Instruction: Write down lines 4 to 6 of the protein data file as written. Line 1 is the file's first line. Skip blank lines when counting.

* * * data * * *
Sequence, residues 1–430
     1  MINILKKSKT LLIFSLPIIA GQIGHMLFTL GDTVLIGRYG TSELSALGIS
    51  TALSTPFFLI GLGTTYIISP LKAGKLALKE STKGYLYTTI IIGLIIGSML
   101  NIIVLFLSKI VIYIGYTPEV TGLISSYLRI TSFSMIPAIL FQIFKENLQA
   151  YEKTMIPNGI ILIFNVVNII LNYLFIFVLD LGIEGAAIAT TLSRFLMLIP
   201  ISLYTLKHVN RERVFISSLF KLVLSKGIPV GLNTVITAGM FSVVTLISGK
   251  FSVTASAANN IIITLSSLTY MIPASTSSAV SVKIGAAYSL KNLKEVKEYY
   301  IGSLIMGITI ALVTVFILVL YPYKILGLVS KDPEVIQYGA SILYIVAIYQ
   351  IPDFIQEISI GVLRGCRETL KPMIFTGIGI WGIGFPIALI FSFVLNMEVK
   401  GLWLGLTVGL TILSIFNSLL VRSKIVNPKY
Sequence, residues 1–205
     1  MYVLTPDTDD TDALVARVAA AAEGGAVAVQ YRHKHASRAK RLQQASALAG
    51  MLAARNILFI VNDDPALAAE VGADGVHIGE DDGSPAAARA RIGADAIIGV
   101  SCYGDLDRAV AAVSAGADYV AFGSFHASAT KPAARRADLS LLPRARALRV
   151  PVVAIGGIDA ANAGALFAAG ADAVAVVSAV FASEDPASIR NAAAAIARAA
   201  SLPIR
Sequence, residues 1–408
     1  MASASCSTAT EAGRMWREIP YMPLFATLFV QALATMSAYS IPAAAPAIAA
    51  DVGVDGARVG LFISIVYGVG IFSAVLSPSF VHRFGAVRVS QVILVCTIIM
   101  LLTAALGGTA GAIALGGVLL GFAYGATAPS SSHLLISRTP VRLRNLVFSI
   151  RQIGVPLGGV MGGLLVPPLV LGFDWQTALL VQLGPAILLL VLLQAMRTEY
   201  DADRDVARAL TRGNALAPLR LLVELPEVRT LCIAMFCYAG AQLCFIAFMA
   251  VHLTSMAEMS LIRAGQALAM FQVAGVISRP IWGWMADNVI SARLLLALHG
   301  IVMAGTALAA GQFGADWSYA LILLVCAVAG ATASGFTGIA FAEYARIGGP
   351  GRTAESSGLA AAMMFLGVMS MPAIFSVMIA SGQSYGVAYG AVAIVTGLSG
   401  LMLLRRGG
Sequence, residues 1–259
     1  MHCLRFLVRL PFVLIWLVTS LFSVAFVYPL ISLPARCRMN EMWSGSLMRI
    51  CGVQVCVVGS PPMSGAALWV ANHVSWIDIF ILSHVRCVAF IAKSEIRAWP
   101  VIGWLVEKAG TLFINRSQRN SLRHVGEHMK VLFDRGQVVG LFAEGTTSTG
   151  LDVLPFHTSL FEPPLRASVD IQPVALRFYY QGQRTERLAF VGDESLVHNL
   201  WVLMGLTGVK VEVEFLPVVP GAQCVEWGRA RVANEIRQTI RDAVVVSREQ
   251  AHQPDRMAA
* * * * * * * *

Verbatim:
   101  NIIVLFLSKI VIYIGYTPEV TGLISSYLRI TSFSMIPAIL FQIFKENLQA
   151  YEKTMIPNGI ILIFNVVNII LNYLFIFVLD LGIEGAAIAT TLSRFLMLIP
   201  ISLYTLKHVN RERVFISSLF KLVLSKGIPV GLNTVITAGM FSVVTLISGK